Absorption

Losses due to absorption are determined by factors that include the shield material's skin depth--the greater the thickness of material relative to its skin depth, the more it will attenuate an incident plane wave. From the equation for skin depth, $$\delta ≈ \frac{1}{\sqrt{πfμσ}}$$ it can be seen that if minimal thickness is a requirement, then high permeability (μ) makes for smaller skin depth (δ), less overall thickness and therefore, a better absorbing material.

So, for far-field EMR, given two hypothetical materials that differ only in permeability, the material with lower permeability will provide more reflection and less absorption, and the material with higher permeability will provide more absorption and less reflection.

Therefore, given that the material in my application is thinner than its skin depth across most or all of the range of frequencies of interest, and it provides electric shielding that's sufficient for my application, I would conclude that the shielding effectiveness that I measure with a signal source in the far field is due almost entirely to reflection. Also, because MSE = ESE, I would predict that magnetic shielding will also be sufficient in the far field.

And, because the incoming signal will be attenuated significantly before it propagates through the shielding material, significantly less than the incident energy will be available to be absorbed and released as heat. So I don't think there will be complications due to overheating of the shield in EMP conditions as I had feared.

However, if unshielded conductors are located near an enclosure that’s optimized for far-field radiation, near-field radiation could be an issue in an EMP.

• Doesn't MSE = ESE assume that you are in the far field of the shield itself as well as the signal? A conductive shield will attenuate the E field far more -- when the receiver is not pretty distant from the wall, won't low frequencies have a much higher magnetic component than high frequencies? – fuzzyTew Feb 22 '19 at 22:02
• @fuzzyTew, yes, MSE = ESE in the far field, which is what I said ("plane wave" is synonymous with "far field"). I think it's not that low-frequency, near-field EMR contains a higher H component than in the far field. It's that the E and H components act independently in the near field (in the far field, they are inseparable--they actually create one another), and the magnetic component is more difficult to shield, i.e., requires shielding material of greater thickness and/or higher μ. – dcorsello Feb 23 '19 at 16:13
• My understanding is that low frequencies are shielded more poorly by conductive shields, and I imagine it is because far-field is so much farther for them due to their long wavelength. When discussing shielding far-field or plane wave radiation, it seems obvious to me the shield is in the far field of the emitter, but it seems less obvious that the intent is that the receiver must be in the far field from the shield. MSE = ESE implies both to me -- did you mean this? – fuzzyTew Feb 25 '19 at 13:54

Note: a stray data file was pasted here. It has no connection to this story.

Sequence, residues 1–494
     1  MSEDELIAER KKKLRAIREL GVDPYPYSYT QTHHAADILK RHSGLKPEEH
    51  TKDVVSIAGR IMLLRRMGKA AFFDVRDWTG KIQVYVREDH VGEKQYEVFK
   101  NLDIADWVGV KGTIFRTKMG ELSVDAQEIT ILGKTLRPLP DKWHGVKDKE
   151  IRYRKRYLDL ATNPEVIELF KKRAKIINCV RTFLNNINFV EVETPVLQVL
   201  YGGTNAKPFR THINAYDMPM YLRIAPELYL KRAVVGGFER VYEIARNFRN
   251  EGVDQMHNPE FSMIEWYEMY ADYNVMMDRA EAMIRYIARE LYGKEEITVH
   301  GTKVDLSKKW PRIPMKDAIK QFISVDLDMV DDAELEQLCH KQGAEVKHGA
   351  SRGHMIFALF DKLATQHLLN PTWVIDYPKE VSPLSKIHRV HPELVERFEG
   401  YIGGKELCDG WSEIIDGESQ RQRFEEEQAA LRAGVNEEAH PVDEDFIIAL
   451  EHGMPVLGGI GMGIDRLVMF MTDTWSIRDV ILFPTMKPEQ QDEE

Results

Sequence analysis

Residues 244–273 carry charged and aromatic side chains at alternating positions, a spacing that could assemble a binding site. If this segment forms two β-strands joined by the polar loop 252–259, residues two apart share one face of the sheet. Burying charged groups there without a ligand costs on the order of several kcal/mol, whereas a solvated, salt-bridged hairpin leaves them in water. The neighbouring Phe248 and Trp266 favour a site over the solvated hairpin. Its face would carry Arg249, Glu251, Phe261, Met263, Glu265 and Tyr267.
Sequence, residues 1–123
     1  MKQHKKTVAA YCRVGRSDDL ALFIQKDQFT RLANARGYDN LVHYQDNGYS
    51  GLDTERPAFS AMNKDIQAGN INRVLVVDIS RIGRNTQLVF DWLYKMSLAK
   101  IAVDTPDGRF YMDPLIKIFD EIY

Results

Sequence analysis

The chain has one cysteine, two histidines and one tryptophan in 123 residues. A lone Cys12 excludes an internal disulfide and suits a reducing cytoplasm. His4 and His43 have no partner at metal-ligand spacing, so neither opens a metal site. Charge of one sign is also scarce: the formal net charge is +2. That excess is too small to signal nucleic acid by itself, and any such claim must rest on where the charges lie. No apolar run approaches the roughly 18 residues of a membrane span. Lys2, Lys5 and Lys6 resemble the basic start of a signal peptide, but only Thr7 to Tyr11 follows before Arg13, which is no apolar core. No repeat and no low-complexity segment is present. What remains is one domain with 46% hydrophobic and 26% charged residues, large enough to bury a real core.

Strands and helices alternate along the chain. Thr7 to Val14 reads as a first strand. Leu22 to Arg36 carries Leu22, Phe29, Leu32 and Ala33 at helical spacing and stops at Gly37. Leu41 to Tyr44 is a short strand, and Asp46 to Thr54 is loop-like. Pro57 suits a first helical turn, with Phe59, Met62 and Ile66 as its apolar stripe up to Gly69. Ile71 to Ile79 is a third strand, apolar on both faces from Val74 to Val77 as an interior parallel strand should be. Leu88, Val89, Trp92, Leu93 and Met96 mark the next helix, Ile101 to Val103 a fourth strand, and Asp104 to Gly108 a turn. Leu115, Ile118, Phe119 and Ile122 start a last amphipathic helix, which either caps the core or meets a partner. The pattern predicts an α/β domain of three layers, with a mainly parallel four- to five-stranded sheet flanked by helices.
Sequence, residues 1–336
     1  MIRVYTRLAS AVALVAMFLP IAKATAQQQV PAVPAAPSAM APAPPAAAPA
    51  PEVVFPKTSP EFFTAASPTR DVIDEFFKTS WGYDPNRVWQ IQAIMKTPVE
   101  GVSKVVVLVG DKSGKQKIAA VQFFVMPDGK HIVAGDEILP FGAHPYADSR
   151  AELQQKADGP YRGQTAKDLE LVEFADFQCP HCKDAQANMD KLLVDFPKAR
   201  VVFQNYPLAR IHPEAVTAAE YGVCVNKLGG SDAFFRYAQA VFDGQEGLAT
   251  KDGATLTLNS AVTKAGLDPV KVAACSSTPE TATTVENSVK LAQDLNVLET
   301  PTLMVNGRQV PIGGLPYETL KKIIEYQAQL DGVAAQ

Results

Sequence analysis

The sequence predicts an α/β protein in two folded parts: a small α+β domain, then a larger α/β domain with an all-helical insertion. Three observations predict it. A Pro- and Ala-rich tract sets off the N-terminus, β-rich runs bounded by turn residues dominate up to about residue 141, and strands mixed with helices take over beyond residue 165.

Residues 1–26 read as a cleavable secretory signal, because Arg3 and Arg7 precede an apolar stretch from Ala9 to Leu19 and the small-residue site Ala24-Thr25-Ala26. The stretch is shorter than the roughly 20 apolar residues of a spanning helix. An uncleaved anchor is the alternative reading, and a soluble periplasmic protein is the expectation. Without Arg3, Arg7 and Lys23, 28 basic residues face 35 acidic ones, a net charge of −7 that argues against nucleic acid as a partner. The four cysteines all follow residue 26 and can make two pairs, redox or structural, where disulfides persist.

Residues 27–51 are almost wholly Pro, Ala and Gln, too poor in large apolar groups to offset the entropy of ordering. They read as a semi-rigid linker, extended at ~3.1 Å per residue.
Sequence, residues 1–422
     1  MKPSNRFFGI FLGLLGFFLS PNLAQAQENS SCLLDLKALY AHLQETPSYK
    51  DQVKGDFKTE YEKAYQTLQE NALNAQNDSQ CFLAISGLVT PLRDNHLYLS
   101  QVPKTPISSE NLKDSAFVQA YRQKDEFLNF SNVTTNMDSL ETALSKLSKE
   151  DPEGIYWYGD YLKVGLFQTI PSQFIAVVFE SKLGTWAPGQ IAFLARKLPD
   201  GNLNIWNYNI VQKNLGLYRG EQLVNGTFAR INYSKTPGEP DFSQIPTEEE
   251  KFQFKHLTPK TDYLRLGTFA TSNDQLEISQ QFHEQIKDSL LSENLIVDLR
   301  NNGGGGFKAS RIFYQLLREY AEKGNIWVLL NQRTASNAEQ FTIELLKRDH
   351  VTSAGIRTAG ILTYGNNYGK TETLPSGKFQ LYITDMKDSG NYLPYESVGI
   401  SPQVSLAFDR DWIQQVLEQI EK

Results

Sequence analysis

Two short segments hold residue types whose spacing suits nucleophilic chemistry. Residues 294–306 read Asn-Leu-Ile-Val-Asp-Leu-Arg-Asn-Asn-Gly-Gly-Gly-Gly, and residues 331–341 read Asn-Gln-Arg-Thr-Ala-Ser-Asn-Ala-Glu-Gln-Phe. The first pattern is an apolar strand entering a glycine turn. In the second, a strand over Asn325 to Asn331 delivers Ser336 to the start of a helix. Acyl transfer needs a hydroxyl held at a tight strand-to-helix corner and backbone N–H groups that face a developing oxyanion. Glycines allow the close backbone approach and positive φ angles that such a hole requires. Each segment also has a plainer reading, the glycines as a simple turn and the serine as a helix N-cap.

This is an interesting question for which I’ll give a hand-waving answer. I worked in Santa Clara for several years; one stint at a particular company involved large semiconductor manufacturing inspection equipment, which had both large and smaller modules containing various sources of EMI. I was tasked to bring this up to EMC compliance for emissions and (reception).

There was an expert in the valley, Mark Montrose, who did just this type of work. Part of his approach was the approach of the problem with respect to rise times, or edge rates, of incident and emitted EMI. With a “fast” edge rate, the approach required consideration of transmission line effects, as the knee bandwidth was, to a good approximation, the reciprocal of twice the rise time, or edge rate. In unterminated or poorly shielded scenarios, the reflections, edge effects, and leakage (did) cause issues in what is a precisely defined standard for these effects.

The above is the short version of his introductory comments to me. The short answer is that for large manufacturing equipment, there is a boilerplate approach in which sensors are placed around the equipment and a large list of measurements are made, compared to standards, and then troubleshooting done when required. For, say, single PCBs, an anechoic chamber was used, and similar boilerplate torture was performed.

There is also a simulation approach.

In any case, he’s taken a workmanlike approach to the questions of EM compliance and, in his words, turned Maxwell’s equations into algebra. He’s well known in “the valley” and will take your call. You can google him;, he’s all over and prolific within IEEE, etc. Tell him Robert from the blue building on San Tomas sent you.

He’s a very approachable, knowledgeable professional, and will answer your questions as if doing a magic trick.

• The knee is the sin(x)/x point where response is -3dB. Thus 1nanoSecond edge, doubled to 2nanoSeconds, and inverted to product 500MHz, gives the -3dB energy value of 1nS edges. – analogsystemsrf Mar 12 '18 at 5:38
• @analogsystemsrf, would you pleas explain? – dcorsello Mar 12 '18 at 14:11
• A mechanical engineer friend of mine recently told me that electromagnetics isn't science, it's magic. Maybe he was right. I'm having trouble understanding how edge rate would be an issue with a single pulse. Would you please explain? I did call Mark, and I was very surprised by his characterization of EMP as a large, predominantly magnetic pulse. I wasn't sure how a magnetic field could dominate in the far field, so I emailed him for clarification. I might have misunderstood him. – dcorsello Mar 12 '18 at 23:28

Actually, analog, while I understand you, the difference sometimes lies with “edge rate” and “rise time” and sometimes depends on to whom you are speaking. 1/(2tr) is used as a good approximation for power spectral density, but is usually expressed as 0.5/tr. You can see why it is used if you consider this edge as exactly 1/2 of a period, then find the corresponding frequency. I went to a Howard Johnson seminar back in the 90s and was pretty sure I remembered it right. Then I went to https://www.conted.ox.ac.uk/courses/webfiles/HSDD_Student_material.pdf and found a pretty good replica. That is to say, his presentation is still lifting even after some years.

You will also see 0.34/tr

Finally, it was also discussed here: How is rise time related to bandwidth of the signal?

It always pays to define context and vocabulary. I’m new around here.. I’ll get the hang of it.

Cheers